Judging distances based on sound also varies dramatically. The trains traversing a railway bridge about 150m from my house, under some weather conditions, sound like they're only fifty metres away, and about 300m or more away at others. So what we "hear" as sound is not only highly subjective, but depends on previous experience - all of which is inside our heads. Which is where we do all our imagining and where we start going mad.

And having just read all that back to myself - I have no idea whether I have answered your question WK :) I also sound like I might be saying that there have to be ears in order for there to be "sound" for without them there's only "feels" ... but I will get back to you all on that :)))

@Chris: To avoid this getting too lengthy, I'll respond to your response in a separate post if I may? :) But it will be later today.

edit: that bin foraging bit up there was what the foxes were doing - not myself.... just thought I should clarify that :)

oh...and did we say we like humans too? Well we do :)
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Message 1742003 - Posted: 14 Nov 2015, 11:05:09 UTC

The tree falling question is one of the best traps for philosophers - the answer depends on the exact wording of the question, and the exact definitions employed by both the one posing the question and the one proposing the answer.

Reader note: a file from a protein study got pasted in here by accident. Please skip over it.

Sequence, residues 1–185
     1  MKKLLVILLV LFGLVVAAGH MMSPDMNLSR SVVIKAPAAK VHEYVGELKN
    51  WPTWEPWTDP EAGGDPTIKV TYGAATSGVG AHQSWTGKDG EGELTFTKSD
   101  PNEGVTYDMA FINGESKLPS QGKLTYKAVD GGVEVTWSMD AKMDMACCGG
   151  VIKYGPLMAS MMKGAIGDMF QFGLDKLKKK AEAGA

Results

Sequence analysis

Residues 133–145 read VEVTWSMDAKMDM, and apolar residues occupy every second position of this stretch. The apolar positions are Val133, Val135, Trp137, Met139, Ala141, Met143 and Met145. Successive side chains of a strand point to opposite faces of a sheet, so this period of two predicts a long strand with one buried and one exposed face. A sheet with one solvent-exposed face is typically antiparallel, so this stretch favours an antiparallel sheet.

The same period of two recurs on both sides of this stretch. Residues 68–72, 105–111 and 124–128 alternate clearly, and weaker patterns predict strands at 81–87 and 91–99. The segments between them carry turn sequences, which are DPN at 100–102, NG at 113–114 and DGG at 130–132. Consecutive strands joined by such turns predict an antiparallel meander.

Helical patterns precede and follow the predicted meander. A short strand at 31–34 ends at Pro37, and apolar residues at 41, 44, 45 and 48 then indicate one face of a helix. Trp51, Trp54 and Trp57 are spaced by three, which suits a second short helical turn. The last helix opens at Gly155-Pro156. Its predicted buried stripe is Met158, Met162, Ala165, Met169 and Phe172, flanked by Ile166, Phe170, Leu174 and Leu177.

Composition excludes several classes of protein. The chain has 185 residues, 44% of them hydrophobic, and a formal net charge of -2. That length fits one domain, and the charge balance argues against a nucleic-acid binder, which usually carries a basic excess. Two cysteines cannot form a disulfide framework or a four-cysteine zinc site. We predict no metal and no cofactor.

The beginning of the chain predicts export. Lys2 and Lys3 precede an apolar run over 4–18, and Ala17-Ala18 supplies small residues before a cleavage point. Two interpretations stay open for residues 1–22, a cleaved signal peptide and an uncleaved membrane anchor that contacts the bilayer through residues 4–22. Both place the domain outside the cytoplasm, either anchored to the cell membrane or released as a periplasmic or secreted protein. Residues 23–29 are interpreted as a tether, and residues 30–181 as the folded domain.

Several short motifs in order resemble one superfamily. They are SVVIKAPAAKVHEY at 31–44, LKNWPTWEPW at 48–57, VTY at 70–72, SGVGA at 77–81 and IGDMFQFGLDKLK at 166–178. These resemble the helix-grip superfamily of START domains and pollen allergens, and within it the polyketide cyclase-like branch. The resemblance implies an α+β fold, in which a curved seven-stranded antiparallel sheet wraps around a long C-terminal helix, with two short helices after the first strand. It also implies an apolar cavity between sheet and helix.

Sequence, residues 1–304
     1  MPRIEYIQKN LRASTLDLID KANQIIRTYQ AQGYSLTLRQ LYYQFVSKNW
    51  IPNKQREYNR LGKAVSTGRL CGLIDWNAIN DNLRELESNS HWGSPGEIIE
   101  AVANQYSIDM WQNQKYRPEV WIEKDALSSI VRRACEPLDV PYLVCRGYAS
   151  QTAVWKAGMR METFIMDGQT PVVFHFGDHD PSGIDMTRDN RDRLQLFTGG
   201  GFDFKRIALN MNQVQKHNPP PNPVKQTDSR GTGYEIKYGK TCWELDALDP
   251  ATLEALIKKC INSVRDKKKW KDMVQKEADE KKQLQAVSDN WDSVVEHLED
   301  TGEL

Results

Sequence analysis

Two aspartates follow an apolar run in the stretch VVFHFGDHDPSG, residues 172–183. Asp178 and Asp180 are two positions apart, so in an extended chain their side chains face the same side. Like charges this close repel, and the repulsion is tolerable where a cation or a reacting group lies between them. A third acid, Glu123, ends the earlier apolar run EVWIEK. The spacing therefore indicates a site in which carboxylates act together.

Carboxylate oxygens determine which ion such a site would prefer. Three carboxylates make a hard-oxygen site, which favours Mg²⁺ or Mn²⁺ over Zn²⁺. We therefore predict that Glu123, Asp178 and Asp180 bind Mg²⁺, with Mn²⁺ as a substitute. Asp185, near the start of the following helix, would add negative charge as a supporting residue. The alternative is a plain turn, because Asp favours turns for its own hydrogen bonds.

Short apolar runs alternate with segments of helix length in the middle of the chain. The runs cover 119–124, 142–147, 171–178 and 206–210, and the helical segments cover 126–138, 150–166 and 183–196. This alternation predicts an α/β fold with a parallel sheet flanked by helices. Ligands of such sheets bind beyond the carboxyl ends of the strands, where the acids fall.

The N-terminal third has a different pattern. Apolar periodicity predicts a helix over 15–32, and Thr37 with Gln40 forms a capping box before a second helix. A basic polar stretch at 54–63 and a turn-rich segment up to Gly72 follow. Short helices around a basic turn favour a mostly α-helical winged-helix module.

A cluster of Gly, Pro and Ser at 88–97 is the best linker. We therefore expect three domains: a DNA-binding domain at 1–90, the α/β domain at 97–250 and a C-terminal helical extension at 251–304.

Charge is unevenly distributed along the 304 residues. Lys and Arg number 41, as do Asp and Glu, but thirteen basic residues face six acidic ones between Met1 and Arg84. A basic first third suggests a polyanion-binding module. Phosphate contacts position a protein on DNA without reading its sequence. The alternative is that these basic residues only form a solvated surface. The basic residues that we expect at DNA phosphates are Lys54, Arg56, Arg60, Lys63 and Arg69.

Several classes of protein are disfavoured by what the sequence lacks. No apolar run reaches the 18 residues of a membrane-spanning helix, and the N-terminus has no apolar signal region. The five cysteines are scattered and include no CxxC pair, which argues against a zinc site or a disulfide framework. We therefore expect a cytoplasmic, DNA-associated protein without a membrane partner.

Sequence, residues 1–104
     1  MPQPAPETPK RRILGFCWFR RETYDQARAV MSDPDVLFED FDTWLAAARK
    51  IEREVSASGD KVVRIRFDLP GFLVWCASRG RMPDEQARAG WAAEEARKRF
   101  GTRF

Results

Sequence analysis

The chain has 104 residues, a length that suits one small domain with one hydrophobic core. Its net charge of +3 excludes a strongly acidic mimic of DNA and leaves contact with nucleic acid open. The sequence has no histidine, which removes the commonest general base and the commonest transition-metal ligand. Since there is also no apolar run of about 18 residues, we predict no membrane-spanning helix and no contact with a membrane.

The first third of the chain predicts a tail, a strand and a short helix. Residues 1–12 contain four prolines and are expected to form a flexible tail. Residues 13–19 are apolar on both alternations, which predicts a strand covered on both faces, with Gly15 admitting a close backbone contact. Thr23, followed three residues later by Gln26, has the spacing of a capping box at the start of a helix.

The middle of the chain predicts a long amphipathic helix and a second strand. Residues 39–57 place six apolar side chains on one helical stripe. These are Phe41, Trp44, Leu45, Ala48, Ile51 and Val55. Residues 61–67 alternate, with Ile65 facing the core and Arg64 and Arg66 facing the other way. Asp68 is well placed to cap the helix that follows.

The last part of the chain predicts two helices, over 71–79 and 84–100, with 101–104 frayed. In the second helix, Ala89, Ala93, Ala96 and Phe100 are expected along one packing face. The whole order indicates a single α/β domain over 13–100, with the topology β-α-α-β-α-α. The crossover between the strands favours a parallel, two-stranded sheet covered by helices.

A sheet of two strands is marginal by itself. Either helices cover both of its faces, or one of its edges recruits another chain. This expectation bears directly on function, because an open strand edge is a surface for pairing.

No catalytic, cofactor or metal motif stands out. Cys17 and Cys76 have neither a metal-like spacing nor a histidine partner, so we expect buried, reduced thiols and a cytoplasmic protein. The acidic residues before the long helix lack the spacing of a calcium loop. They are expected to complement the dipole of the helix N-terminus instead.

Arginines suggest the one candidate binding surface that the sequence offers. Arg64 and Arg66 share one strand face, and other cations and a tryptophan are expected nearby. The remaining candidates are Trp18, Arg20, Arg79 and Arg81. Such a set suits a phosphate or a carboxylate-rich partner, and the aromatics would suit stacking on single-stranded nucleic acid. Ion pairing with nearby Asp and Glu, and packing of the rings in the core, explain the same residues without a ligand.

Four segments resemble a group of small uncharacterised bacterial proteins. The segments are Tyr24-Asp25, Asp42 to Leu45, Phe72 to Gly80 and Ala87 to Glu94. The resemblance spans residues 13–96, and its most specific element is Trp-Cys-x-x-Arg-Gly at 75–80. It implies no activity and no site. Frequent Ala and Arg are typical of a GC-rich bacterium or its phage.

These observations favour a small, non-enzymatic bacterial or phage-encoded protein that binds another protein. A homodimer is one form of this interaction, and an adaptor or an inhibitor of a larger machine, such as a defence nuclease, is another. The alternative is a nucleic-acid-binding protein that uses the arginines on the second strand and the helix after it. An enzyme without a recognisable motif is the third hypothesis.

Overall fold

Thus if the questioner asks "Does the tree make a sound", and the questioner's definition of "sound" is to do with the actual "sound waves" generated by the action of the tree falling and hitting the ground then the questioner's expected answer is "Yes".
However, if the respondent to the question has in their mind the that "sound" is to do with the perception, reception, or otherwise detection of the "sound waves" generated by said tree falling then the answer is "no", on the proviso that there is nothing close enough to the event to detect that disturbance.

(Likewise for "noise", and other descriptive words that may be employed in the argument)
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Message 1742037 - Posted: 14 Nov 2015, 14:46:42 UTC - in response to Message 1741999.  
Last modified: 14 Nov 2015, 14:47:55 UTC

Hiyah Annie, So nice to talk to someone with their feet on the ground for a change :-)))

Both Smokey and Bobby simply do not have any answer to the question.

This appears to be a lie (though is likely more carelessness). I gave you an answer, the reason for that answer, and an opinion about what the question was intending to establish. Whether you chose to accept any of those is not my concern, to state that I did not have an answer is my concern.

So rather than admit it, they both tie themselves in knots and sidestep having to answer. And by doing so publicly dig themselves deeper holes. Their choice, people will make their own judgements upon that.

In my opinion to pretend to have knowledge when one doesn't is to dig oneself into a hole, I prefer not to pretend. An admission that something is unknown is often appropriate, and, in my experience, such an admission has frequently been helpful. Why do you believe there are only two valid responses to the question?

On your terms however, my answer to the question I think you meant to ask, has to be: no, it makes waves.